Posidonia oceanica is a seagrass species that grows in dense meadows or along channels in the sandy parts of the Mediterranean Sea and is usually found at depths between 1–35 m, depending on the water clarity. This species is exclusively found in the Mediterranean Sea, occupying an area of about 3% of the basin. This corresponds to a surface area of about 38,000 km2. Posidonia requires clean water in order to grow, and can be used as a bioindicator for the water quality in a given area. Posidonia meadows play an important role in the sea by providing multiple ecosystem services, including nursery and predation areas, production of O2 and a carbon sink.

During the last decade, P. oceanica meadows are being threatened by climate change, pollution and human activities such as trawling, aquaculture, dredging and marine infrastructure. Our project at Archipelagos includes the health assessment for Posidonia in several islands in the eastern part of the Aegean Sea. With enough data, we can compare different sites and identify the vulnerable areas that should be protected in order to recover.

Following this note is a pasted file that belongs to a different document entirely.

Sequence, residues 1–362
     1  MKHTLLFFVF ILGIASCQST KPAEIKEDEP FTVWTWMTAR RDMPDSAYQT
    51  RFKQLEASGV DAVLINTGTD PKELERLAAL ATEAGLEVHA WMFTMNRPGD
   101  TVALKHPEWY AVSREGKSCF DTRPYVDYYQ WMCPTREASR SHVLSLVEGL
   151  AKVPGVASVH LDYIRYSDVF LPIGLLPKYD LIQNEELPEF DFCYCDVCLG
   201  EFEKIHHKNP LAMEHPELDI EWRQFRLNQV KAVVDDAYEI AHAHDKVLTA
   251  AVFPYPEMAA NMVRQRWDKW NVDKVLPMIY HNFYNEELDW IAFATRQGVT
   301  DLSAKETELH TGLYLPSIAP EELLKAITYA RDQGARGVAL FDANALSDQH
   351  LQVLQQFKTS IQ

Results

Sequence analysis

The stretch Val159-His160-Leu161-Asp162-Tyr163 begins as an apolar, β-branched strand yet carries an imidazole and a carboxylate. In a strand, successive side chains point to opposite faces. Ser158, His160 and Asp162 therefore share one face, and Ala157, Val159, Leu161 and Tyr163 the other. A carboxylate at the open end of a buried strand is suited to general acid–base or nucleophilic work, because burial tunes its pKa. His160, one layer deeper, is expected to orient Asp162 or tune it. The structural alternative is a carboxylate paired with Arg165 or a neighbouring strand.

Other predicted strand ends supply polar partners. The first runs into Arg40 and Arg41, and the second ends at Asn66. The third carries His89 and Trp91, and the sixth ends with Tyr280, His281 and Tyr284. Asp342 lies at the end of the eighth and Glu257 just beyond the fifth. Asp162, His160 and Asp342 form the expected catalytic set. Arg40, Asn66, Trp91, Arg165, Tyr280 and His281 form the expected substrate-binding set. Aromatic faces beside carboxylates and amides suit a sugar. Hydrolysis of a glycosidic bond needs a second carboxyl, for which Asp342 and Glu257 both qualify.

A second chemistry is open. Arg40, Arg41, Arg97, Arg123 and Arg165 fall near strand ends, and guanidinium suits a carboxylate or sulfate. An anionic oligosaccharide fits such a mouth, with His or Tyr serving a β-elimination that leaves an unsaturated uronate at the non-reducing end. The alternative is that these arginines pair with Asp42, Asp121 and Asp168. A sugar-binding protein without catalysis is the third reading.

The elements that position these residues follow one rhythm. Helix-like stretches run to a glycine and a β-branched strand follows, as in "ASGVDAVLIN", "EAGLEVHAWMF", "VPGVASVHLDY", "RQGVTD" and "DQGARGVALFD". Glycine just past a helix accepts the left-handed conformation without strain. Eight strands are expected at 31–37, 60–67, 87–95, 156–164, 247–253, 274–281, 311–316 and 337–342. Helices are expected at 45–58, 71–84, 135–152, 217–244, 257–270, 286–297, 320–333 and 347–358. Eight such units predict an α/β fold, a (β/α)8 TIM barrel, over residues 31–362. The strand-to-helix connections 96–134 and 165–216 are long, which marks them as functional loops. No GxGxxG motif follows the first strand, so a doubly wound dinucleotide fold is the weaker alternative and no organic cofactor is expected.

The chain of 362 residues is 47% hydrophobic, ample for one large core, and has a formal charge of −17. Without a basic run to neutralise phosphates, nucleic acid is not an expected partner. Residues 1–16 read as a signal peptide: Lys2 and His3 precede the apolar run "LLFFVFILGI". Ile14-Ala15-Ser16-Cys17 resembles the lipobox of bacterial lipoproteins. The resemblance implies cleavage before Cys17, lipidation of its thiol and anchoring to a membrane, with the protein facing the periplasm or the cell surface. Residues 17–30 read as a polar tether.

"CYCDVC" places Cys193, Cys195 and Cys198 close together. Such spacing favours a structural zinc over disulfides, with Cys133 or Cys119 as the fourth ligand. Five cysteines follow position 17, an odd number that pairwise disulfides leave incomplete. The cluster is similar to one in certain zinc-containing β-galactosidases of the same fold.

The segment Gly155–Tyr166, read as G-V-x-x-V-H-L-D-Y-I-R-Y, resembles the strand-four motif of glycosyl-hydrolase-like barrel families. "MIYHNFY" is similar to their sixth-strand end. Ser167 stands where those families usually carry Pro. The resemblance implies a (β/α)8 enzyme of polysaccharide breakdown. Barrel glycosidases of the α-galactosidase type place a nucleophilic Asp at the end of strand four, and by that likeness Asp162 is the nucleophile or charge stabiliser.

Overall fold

While sampling, we assess several parameters, including average canopy height, shoot density and epiphyte coverage. We also take three shoot samples for each replicate in each site for further analysis in the lab. In the lab, we count the number of blades per shoot, and measure the blade surface area as well as the total weight of the epiphytes and the blades for each site (Figure 1). Huge amounts of epiphytes can be usually linked with eutrophication and are a threat for Posidonia since they cover part of its blade surface which is needed to absorb sunlight in order to photosynthesize. By measuring the surface area and the weight of the seagrass, we can also estimate its effectiveness as a carbon sink.

Figure 1: The blade samples from Marathi, site 2 and quadrate replicate 3. The blade surface area can be estimated by using specialized software.

So far, the P. oceanica meadows of the studied sites show similar characteristics in terms of canopy height, number of blades, surface of the blades, biomass of the blades and epiphyte cover. The meadows of Marathi Island showed greater epiphyte biomass compared to the other islands (Figure 2). Further studies will be conducted in order to unveil the reasons of these differences.


Figure 2: Comparison of the average values for canopy height, number of blades per shoot, percentage of surface covered by epiphytes, blade surface area, blade biomass (6 blades per point) and epiphyte biomass (from 6 blades per point) between 3 islands; Agathonisi, Lipsi and Marathi.

Nikolaos Papagiannopoulos

MSc in Biology – Aquatic Ecology, Lund University, Sweden